Sunday, January 21, 2007

Google vs Internet: Internet ftw

Following up from the hullabaloo over Google's non-existent plan to replace the Internet, let's remind ourselves about the scales we're talking about here.

The Internet: 106,875,138 servers, growing at an ever-accelerating rate that was last clocked at 1.63 million per month.

Google: 450,000 at last estimate, in July 2006. In April 2004 Rich Skrenta quoted the figure at 100,000, giving a monthly growth rate between estimates of just over 15,000... which is evidently where Rich gets his current figure of 500,000.

To be fair, Google's growth rate is currently outpacing that of the Internet, but at the moment it's less than 1/200th the size. To get to 1/120th the size of the Internet, Google will have to keep building data centres until... the year 2030.

What was that about "a huge proxy server for the Internet"? Mmm-hmm. Google is having enough trouble providing resources to run its own applications, which of course is what all these data centres are actually for. The Internet can take care of itself.

4 Comments:

Anonymous scientaestubique said...

As Google wants to organise the world's information, they need a data centre much bigger than the internet.

8:03 pm, January 22, 2007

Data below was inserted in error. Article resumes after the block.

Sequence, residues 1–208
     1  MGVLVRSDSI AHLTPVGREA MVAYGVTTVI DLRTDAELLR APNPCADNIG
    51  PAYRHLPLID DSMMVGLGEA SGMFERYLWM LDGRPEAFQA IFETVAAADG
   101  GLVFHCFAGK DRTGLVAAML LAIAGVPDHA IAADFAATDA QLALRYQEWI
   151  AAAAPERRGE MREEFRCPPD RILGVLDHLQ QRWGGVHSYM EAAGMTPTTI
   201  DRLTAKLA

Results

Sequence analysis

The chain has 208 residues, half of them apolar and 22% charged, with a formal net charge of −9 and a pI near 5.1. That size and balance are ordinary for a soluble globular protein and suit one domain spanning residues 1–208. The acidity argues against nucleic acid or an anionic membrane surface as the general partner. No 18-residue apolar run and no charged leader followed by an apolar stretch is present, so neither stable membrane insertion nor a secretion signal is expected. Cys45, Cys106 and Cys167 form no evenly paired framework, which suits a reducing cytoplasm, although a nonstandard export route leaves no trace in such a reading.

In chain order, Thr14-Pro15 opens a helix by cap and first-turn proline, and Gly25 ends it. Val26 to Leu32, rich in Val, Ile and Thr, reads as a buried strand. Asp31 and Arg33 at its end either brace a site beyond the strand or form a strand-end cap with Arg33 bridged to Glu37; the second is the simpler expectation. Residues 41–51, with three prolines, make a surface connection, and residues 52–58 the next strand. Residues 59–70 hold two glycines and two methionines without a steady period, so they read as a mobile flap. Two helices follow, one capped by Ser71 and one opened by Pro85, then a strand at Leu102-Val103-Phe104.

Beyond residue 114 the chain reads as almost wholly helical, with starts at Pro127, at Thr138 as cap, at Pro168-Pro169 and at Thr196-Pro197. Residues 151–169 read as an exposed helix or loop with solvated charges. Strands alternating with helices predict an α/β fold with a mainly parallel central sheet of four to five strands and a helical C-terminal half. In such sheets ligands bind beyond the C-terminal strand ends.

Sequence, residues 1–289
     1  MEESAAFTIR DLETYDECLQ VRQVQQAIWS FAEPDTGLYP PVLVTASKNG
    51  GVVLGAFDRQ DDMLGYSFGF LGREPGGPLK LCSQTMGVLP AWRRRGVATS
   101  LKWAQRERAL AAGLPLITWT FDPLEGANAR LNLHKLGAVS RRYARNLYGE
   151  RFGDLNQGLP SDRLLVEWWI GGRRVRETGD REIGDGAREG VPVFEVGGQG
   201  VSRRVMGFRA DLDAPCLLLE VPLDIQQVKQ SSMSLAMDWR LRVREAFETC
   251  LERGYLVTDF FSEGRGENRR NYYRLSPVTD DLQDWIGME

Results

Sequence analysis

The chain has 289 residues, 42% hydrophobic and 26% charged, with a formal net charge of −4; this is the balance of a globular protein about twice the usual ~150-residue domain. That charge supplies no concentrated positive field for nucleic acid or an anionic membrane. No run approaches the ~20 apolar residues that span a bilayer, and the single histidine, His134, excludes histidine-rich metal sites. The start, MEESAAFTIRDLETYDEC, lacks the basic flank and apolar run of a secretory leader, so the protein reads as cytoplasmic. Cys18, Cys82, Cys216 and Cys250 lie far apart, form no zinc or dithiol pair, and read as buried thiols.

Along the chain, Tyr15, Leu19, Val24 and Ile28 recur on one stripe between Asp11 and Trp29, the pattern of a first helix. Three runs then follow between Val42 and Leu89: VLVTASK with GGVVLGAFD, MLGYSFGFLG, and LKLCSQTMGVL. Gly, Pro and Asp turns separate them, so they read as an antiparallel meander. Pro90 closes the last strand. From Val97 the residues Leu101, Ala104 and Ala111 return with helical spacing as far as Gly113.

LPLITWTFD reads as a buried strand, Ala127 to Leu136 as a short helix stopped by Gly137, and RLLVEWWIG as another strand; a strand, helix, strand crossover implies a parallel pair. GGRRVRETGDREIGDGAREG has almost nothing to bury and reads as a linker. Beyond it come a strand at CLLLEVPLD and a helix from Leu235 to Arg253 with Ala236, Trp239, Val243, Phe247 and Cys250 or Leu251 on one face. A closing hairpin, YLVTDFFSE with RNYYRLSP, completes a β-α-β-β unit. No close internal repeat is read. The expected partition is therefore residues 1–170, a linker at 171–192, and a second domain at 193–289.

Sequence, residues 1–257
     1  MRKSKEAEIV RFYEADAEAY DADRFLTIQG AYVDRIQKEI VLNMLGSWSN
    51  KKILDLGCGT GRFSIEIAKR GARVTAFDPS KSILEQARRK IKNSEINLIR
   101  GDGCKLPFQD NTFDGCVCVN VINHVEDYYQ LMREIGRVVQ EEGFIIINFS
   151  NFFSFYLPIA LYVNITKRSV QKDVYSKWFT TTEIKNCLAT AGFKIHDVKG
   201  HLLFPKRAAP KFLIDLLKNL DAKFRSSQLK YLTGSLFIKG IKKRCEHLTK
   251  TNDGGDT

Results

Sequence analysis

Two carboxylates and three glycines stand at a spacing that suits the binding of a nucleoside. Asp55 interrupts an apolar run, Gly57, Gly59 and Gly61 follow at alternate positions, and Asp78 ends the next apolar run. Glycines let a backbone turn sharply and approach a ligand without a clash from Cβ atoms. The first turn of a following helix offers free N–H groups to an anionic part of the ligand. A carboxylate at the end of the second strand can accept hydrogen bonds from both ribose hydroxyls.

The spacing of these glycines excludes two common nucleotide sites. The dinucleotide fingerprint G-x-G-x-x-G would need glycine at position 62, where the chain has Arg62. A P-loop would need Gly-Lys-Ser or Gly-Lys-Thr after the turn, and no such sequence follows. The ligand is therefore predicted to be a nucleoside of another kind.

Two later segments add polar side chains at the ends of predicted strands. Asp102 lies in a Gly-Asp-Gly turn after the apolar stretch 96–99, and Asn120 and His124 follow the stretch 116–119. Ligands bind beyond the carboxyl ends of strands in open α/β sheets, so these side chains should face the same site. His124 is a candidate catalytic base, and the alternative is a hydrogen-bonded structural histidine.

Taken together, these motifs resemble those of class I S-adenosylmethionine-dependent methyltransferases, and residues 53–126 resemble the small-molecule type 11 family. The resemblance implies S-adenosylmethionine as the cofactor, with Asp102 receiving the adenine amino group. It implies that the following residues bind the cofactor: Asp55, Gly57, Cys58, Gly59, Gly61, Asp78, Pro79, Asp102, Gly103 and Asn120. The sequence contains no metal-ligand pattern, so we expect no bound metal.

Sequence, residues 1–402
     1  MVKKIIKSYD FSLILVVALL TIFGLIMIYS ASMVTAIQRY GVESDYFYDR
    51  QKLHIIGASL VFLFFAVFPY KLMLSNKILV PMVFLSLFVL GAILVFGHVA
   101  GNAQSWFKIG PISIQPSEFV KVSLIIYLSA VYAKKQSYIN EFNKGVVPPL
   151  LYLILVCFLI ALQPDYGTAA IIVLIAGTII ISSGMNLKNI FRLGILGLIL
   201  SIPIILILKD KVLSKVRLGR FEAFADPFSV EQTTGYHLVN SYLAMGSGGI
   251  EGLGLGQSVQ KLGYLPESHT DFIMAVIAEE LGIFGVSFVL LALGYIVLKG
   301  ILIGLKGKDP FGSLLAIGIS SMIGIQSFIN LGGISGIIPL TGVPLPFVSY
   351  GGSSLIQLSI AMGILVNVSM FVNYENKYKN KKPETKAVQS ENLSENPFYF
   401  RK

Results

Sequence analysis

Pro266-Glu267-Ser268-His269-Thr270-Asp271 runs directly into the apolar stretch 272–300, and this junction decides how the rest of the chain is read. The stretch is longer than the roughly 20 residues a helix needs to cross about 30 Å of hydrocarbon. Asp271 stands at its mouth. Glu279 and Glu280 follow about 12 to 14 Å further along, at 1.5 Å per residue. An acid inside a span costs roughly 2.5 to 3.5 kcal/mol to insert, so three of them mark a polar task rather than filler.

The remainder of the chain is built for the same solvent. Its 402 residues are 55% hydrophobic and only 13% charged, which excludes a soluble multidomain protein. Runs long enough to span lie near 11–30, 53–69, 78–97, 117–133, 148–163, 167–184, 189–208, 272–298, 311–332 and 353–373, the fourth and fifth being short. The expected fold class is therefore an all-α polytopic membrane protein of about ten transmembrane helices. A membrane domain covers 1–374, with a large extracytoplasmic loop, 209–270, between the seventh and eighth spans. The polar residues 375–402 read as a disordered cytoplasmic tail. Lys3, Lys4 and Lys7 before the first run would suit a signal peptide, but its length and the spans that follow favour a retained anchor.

Blogger Paul Montgomery said...

Ah, but then you come up against the old chestnut: how can you make a perfect model of something without recreating that something in entirety? And I think recreating the Internet is impossible, as shown by the above numbers.

6:22 am, January 23, 2007  
Anonymous scientaestubique said...

The Goog has bigger fish to fry. As well as interent data, there's all that other data we have that they haven't yet touched. Books, music, every recorded performance known to man, every phonecall, every stock keeping unit. A data center more than 100 times the size of internet may not be enough.

1:36 pm, January 23, 2007  
Anonymous scientaestubique said...

interent should be internet, unless we have to pay rent on it now as well.

10:12 pm, January 23, 2007  

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